The restaurant scene has evolved so much over the years that even the way hotels decide what food and beverage concepts to introduce has changed to suit the times.
Mr Martin Jones, 51, Starwood Hotels & Resorts Worldwide's vice-president of food and beverage, Asia Pacific, says that gone are the days when the hotel group would build hotel restaurants that included the usual fine-dining restaurant, a coffee house and a lobby lounge.
"Our competitors now are free-standing restaurants, not just hotels anymore," he says. "We are not building hotel-restaurants these days. We are building restaurants that happen to be in hotels."
What is key when considering what restaurant concepts to implement, he adds, are factors such as originality, authenticity, good value and a great overall dining experience.
The Australian bachelor, who has been in the hotel food and beverage industry for more than 30 years, says Starwood has about 50 different food and beverage concepts for its nine hotel brands which include Four Points, Sheraton, The St. Regis and W Hotel.
The group's latest hotel here is The Westin Singapore, which opened at Asia Square Tower 2 in Marina View last month.
It has four food and beverage outlets, including Seasonal Tastes, its signature interactive dining restaurant that includes a buffet; Cook & Brew, a gastro pub with local and international offerings, as well as sharing plates; Daily Treats, a deli; and Lobby Lounge, which offers drinks and snacks.
Mr Jones, who is based in Kuala Lumpur, says that while the group has standard food concepts that are rolled out across the hotels - some are bespoke and others cater to specific hotel brands - they are by no means "cookie-cutter".
For instance, although restaurants centre on a similar function and concept such as an open kitchen, they differ in design and menu offerings to suit relevant markets.
On why local food has been included at some of the eateries at The Westin here, he says: "I think foreigners like local food. Who doesn't like to try the local food of a country?"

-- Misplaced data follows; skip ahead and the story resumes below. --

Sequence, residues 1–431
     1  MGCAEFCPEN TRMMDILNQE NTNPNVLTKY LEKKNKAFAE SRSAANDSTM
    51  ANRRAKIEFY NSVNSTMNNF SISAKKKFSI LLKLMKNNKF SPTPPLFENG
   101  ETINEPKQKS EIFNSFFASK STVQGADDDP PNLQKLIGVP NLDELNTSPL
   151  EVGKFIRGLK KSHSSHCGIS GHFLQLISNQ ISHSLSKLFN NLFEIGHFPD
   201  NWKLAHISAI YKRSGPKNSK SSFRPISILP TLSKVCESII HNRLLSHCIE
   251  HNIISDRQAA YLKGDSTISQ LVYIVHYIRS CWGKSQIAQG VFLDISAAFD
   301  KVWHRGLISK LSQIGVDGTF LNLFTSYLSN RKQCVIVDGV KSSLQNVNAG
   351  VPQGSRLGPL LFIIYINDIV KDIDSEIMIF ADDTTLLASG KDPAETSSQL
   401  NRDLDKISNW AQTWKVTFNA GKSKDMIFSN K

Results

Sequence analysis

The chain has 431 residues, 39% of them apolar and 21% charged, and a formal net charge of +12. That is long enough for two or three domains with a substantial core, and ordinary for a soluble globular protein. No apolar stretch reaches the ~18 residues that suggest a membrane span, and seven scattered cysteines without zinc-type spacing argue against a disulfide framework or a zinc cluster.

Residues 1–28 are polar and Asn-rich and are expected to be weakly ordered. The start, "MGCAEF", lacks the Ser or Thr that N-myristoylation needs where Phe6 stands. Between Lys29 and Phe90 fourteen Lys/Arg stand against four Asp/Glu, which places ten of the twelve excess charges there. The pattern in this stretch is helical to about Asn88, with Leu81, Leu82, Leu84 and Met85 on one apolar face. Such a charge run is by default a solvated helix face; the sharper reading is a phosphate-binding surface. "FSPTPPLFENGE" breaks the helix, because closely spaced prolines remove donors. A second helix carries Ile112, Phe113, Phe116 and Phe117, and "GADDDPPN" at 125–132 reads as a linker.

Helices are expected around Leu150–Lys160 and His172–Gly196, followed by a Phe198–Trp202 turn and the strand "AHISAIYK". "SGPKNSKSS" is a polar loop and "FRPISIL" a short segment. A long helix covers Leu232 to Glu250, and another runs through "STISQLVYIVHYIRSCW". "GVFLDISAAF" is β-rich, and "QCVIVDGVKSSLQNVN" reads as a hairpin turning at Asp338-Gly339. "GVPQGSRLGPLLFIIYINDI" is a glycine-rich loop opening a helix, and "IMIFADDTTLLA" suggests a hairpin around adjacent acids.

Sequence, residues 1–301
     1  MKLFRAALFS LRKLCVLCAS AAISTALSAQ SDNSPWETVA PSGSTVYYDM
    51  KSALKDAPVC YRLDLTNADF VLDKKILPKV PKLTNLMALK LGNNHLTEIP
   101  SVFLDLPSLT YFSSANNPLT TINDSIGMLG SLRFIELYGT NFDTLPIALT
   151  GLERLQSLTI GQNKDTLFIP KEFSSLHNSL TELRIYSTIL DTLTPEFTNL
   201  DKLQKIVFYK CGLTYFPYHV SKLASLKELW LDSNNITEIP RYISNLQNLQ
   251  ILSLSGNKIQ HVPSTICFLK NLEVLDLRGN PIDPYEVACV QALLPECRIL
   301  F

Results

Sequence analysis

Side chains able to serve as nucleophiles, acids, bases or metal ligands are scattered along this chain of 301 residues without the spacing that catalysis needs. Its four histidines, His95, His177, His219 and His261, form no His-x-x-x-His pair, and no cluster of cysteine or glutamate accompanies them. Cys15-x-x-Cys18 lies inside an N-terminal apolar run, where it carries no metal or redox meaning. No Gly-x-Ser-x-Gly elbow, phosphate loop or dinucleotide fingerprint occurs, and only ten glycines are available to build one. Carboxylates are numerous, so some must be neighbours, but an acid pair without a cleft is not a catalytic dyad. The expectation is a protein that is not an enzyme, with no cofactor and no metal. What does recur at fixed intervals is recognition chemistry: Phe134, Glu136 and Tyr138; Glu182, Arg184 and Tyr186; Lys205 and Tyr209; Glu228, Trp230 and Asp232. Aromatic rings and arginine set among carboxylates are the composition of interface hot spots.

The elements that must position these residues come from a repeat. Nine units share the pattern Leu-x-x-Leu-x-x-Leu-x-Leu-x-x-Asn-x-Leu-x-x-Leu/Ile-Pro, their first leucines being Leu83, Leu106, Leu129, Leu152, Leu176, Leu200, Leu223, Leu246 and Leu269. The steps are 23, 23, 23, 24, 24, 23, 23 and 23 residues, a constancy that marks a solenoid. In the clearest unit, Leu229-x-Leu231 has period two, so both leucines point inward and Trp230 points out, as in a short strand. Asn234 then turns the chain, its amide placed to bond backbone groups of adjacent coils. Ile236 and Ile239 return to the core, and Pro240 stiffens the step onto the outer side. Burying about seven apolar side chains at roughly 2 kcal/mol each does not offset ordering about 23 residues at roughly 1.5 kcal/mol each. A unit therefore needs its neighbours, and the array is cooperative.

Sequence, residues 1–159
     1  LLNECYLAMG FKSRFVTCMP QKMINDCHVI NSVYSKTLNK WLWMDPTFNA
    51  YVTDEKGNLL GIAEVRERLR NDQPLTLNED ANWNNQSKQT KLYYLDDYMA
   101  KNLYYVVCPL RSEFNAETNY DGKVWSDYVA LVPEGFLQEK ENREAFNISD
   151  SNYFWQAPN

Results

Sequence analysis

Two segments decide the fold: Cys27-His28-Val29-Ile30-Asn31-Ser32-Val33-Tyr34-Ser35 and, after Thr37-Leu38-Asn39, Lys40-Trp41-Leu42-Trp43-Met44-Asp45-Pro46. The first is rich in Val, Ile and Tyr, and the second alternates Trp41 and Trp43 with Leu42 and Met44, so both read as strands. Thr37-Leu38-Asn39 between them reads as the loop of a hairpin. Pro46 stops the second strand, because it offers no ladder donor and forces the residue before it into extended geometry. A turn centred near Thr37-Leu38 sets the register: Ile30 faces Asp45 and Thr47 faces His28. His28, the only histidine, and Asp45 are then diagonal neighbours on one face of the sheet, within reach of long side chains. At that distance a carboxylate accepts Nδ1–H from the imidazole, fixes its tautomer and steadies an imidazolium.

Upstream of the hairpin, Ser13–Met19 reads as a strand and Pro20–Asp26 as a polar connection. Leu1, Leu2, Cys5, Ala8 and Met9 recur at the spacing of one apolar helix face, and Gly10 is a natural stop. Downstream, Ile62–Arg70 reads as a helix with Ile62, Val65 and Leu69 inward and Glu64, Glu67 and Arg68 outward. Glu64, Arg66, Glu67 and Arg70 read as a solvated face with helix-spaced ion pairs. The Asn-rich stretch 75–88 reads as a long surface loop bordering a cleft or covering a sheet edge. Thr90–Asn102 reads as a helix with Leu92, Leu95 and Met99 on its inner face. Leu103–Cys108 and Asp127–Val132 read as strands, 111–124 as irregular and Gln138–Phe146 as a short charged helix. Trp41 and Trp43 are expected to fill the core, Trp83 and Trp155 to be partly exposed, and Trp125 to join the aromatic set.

As such, Seasonal Tastes, a contemporary restaurant, offers international cuisine that ranges from Western favourites to Thai and Singapore hawker delights such as laksa.
But food offerings in hotels are not just targeted at guests, including corporate travellers, in the case of The Westin Singapore, which is located in the financial district. Food offerings are also targeted at locals, he says.
In fact, many diners here may be familiar with The Westin brand. The Westin Plaza and Westin Stamford hotels were in Singapore from 1986 to 2001, and were well-known for restaurants that included Compass Rose.
Mr Jones, who lived here from 1998 to 2001 when he was director of operations for food and beverage at the Westin hotels, says the restaurant scene in Singapore has become a lot more competitive over the years.
He says: "Back then, people ate in hotels and there were fewer stand-alone restaurants. People are now very educated and very aware about food, and not just local food."
He adds that in Asia, people eat out more than ever before, and are also more experimental and knowledgable when it comes to food.
His job not only entails creating and refining food concepts, but also spotting food trends and understanding markets.
For instance, he says, molecular gastronomy and fusion cuisine are no longer trendy.
These days, restaurateurs and chefs are harking back to the origins of food and focusing on the seasonality and quality of produce, he adds.
"It is a lot about going back to the basics," he says, citing examples such as a well-done mashed potato or fish noodles cooked to perfection.
One trend that has been translated into Starwood's food offerings is that of small and sharing plates of food, paired with craft beers and wines by the glass, which is available at Cook & Brew.
"Small plates, sharing and trying a little bit of everything" is a trend that is moving forward, he says.
"I wouldn't be so arrogant as to say that a gastropub should offer only British food just because traditionally, it comes from Britain. Now, people don't eat one cuisine anymore."
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